Garbinsky has a different view. “There needs to be a balance between keeping veteran volunteers and recruiting and utilizing new volunteers. Of course, we value the same volunteers coming back and being part of American Camp Association year in and year out. But our volunteers also realize that new blood, different perspectives and increased energy are needed for success. People keep coming back because they want to. They feel valued, they feel like their work is important and they feel — and know — that their volunteer work makes a difference.”
One goal of the National Council of University Research Administrators is to increase diversity and inclusion within the organization. Among other things, that means recruiting a lot of new people to give conference workshops. To make new presenters feel more comfortable, the association now offers a ‘first-time speakers’ program that pairs new folks with a seasoned mentor.
Larmett has had to turn away some seasoned volunteers in favor of new people in the past few years. “The hardest thing is when your volunteers are fabulous — you hate to lose them,” she says. “But we’re going through those growing pains because we need to bring new blood in. We’re in a time of transition. The baby boomers — half of them are gone — so we’re trying to bring in the next generation.” She was concerned that there would be a backlash when the association changed its policies and had to limit some people’s involvement. But so far, members have been very understanding.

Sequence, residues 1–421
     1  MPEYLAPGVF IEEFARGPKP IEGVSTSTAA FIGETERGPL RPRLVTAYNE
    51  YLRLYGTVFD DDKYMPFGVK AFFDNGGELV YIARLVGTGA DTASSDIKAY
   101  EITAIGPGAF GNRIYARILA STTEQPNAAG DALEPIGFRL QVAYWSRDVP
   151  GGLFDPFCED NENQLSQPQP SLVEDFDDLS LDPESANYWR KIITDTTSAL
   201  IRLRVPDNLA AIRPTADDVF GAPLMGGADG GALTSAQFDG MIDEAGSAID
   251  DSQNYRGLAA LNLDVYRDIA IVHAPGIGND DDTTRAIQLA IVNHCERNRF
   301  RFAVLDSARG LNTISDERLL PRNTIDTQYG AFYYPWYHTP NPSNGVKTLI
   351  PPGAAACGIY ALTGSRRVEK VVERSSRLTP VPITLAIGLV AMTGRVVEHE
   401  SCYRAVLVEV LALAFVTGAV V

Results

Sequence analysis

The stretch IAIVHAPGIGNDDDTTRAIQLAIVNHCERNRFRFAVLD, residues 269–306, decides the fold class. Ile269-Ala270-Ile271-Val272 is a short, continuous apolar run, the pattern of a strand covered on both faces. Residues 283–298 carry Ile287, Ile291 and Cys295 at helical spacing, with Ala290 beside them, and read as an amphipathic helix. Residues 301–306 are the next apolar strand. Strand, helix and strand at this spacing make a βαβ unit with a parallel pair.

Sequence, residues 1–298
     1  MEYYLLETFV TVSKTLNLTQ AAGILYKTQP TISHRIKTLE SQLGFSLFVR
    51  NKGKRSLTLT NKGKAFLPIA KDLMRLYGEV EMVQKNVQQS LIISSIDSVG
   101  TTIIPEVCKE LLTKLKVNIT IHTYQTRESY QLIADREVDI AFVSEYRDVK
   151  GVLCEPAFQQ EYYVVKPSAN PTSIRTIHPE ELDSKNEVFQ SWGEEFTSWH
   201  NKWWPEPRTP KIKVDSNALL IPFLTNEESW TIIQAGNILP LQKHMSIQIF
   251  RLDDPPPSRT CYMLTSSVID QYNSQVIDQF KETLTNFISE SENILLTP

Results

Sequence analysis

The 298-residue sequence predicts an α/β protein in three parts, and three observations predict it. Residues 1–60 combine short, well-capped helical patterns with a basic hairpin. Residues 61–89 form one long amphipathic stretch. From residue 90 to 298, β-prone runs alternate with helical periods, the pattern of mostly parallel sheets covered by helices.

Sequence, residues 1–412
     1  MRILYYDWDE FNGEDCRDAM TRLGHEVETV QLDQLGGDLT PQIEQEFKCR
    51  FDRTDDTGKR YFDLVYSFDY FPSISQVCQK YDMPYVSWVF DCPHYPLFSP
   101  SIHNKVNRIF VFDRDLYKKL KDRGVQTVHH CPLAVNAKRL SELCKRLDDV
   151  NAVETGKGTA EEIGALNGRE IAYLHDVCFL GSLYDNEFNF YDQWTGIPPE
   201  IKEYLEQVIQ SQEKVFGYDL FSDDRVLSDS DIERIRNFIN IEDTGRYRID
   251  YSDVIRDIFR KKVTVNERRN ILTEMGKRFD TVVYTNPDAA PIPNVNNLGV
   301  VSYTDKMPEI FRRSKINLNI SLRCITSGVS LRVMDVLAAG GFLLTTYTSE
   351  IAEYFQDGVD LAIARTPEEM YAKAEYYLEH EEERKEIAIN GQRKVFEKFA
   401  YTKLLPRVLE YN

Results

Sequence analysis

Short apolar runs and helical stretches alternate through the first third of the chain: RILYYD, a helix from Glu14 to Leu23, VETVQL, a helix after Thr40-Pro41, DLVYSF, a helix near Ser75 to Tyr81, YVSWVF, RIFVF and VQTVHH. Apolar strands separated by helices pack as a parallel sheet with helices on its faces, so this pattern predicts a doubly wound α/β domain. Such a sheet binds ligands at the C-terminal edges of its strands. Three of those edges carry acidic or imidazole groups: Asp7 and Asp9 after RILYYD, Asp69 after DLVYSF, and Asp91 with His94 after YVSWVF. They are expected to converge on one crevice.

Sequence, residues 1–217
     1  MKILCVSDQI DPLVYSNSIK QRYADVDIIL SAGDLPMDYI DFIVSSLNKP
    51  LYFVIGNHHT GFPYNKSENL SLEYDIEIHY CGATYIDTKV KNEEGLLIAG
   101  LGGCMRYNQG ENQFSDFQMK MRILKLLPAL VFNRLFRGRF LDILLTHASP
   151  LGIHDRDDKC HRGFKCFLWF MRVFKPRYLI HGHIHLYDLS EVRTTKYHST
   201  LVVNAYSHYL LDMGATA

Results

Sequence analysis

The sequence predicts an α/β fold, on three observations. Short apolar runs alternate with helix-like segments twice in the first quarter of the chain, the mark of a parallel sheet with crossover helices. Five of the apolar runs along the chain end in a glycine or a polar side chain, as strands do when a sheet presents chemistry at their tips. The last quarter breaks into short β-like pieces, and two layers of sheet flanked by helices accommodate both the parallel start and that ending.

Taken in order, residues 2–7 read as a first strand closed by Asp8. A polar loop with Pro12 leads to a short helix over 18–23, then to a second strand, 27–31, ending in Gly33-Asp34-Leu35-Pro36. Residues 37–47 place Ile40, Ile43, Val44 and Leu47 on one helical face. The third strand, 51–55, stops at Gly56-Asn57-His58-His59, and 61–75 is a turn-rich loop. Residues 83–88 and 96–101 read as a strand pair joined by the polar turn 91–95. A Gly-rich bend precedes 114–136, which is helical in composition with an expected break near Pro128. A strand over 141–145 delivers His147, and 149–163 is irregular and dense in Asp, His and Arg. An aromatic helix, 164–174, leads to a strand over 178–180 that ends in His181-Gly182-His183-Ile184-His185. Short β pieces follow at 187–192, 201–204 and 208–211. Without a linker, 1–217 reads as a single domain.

Showing volunteers appreciation for their hard work is important. “Volunteers need to feel and be valued whether they are part of the group planning, the entire event or the group assembling packets,” Garbinsky says. “Making someone feel like they belong and are part of the community is crucial.”
“At our annual meeting, the program committee members each receive a framed program cover of the meeting they’ve just done,” Larmett says. “We do that for our winter meetings as well. We hold a separate reception at the annual meeting for our program committee members and speakers. And each of our program committee members are reminded after the meeting to go back to their speakers and make sure they understand how thankful we are that they came to the meeting and shared information with the attendees in the room.”
“I try to do small things throughout the entire event to show our appreciation for the volunteers,” Zirkle says. “We give out extra drink tickets at our evening events — these are especially appreciated by the graduate students — and allow them first dibs for conference swag. They get a personal ‘Thank you’ after their last shift. I’ve found that doing small things throughout the event helps keep volunteer morale at a high.”
“Every April, for National Volunteer Week, we send a handwritten note signed by each staff member,” Boggs says. The association has about 400 volunteers in total, so the staff will pass around cards for signatures during meetings for the months leading up to that time. “They also get a small gift to say ‘We appreciate you and what you do for us.’ At the conference, we always give them chocolate or candy just as a little ‘Thank you’ for being there. We always follow up again after the conference and send out another thank you to them for taking their time to help us out.”
Those types of personal contacts are often the most important acknowledgement for volunteers, Garbinsky says. “Quite frankly, a simple ‘Thank you’ or a personal note goes a long way.” | AC&F |